Why: When the four-door 2007 Wrangler Unlimited made its debut, the naysayers came out in force: Four doors went against the ethos of the ultimate everyday off-roader. The stretched wheelbase made the Wrangler too big. It's less capable on difficult terrain. On and on they went.
But Jeep pulled it off.
The Wrangler Unlimited is not only a great off-roader worthy of the Wrangler name, but it's a unique SUV setup that can't be had with any other brand. On top of all that, the modern Wrangler is among the leaders in resale value: and somewhat surprisingly, nowhere is this more evident than with the 2007 Unlimited. It's difficult to find a sub-50,000-mile 2007 Wrangler Unlimited for less than $20,000. For a rough-and-ready SUV that can take you where you need to be with rear seats that fit actual humans, it's hard to argue with a 2007 Jeep Wrangler Unlimited.
1997 Land Rover Defender 90
Why: The 182 hp from the Defender's 3.9-liter V8 sounds underpowered today, but when mated to the tried-and-true all-wheel-drive setup of the Range Rover it proves more than enough to do what the Defender was built to do: go anywhere.
The 1997 model-year Defender 90 was the last to be brought to the U.S. market. The niche appeal of its old-school off-roader aesthetic combined with ever-shrinking numbers of well-maintained cars conspires to keep prices exceptionally high. When you see a Defender in person it's easy to understand why they're so coveted: the square-ish, bulky body mated to big, mud-stomping tires tickles just about all of the basic instincts of off-roaders. Built to get you wherever you need to go in all conditions, the Defender 90's high cost of ownership is outweighed by its cool factor, scarcity and raw capability.
1992-1994 Mercedes-Benz 500E/E500
Why: In the early 1990s as BMW's M5 established itself as the performance sedan of choice, Mercedes-Benz needed a competitor. W124 E-Class chassis (upgraded with big brakes and the 5.0-liter V8 from the high-end 500SL) were shipped to Porsche's Zuffenhausen plant for assembly.
Only 1,500 were brought to the U.S. during a three-year production run (for its last year in 1994 it was re-designated the E500) so it's becoming harder to find well-maintained low-mileage examples. Diligent searching will pay off with a "sleeper" classic, featuring the grunt of the 5.0-liter V8's 322 hp, a fascinating history and the quirky charm that comes with being "the other guy." Overlooked even by many Mercedes fans, the 500E is a cool divergent footnote in automotive history that also happens to go really fast.
1995 Porsche 911 (993)
Why: For many Porsche devotees, the 993-era 911 represents the pinnacle of what a "real" 911 should be: air-cooled, small and focused. Its replacement — the water-cooled, daily-driver-focused 996 — was bigger and heavier. The culmination of more than 30 years of innovation and refinement, the 993 offers classic 911 handling while its air-cooled flat-6 makes all the right noises.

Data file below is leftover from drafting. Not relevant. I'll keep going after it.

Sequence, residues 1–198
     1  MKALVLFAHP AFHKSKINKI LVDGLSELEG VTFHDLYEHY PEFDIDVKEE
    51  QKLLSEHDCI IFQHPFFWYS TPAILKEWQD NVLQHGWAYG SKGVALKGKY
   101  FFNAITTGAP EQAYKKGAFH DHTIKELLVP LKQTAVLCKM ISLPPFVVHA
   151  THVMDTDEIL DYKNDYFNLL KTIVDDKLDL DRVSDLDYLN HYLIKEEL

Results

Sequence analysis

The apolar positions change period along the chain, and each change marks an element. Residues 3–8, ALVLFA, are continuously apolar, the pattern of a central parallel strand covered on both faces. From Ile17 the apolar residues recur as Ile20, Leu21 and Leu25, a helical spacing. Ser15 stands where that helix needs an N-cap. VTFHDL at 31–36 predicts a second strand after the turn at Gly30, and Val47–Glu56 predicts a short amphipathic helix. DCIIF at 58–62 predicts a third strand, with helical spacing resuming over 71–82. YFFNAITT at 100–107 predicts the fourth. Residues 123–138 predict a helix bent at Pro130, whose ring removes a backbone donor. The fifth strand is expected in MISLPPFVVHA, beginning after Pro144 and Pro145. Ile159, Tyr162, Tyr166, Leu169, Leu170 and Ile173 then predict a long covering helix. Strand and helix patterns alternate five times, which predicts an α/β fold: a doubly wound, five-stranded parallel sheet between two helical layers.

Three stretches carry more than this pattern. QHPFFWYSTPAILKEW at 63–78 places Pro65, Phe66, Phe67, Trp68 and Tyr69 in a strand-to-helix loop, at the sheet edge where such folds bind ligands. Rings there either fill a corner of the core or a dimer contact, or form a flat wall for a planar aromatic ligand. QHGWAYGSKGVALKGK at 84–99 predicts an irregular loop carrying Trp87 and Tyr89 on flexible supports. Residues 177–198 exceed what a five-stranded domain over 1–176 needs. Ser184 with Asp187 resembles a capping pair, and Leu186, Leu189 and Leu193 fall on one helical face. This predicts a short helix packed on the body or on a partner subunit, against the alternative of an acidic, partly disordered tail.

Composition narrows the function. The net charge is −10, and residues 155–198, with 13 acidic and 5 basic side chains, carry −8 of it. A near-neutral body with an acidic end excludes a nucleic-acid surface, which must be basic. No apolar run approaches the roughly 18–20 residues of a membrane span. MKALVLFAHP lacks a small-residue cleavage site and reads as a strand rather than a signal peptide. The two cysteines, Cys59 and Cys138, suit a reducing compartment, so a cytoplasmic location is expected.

As a benchmark 911 model, the 993 retains its value on the used market. As the years go by, more 993 owners either decide they can't part with their treasures or they have "off-road incidents," so expect more scarcity of selection and higher premiums to buy into the club.
2011 Porsche Boxster Spyder
Why: A fitting last hurrah for the 987-era Boxster, the Spyder edition was produced as a 2011 and 2012 model before the introduction of the current-generation 981. It is nearly 180 pounds lighter than the 987 Boxster S and brings 10 additional horses to the table (320 in all). The Spyder was (and some still say is) the hot roadster to own.
Sitting 1 inch lower than the regular Boxster and with a stiffened suspension, the Spyder enhanced the already excellent driving characteristics of the Boxster to miraculous levels. The 2011 Boxster Spyder entered the market as a production model, so for now at least it's not terribly difficult to find a used one with low mileage and a clean maintenance history: but it is expensive. Buying and babying one of these now may prove to be a sound investment as they become rarer in the future. In any case, it'll be a fun investment.
2004 Subaru Impreza WRX STI
Why: The first-year of Subaru's rally-inspired WRX STI stuffs 300 hp and an impressive all-wheel-drive system into the restrained and practical Impreza sedan. Few cars yield the STI's combination of high performance and four-door utility.
The inconsistent availability of Subarus in various U.S. markets means that used pricing is all over the place, but look to spend at or near $20,000 for an example with fewer than 100,000 miles on the clock. Lower-mileage 2004 examples can climb into the mid-$20,000 range: impressive considering the $31,525 MSRP of a new 2004 STI. The 2004 STI did more than establish Subaru with American enthusiasts; it created an entirely new segment of performance car made to handle alternative roads and weather. And families fit, too.
Grab a 2004 STI now before it is officially deemed a modern classic.
Note: Not every car pictured is the exact year specified, but each does represent the correct generation.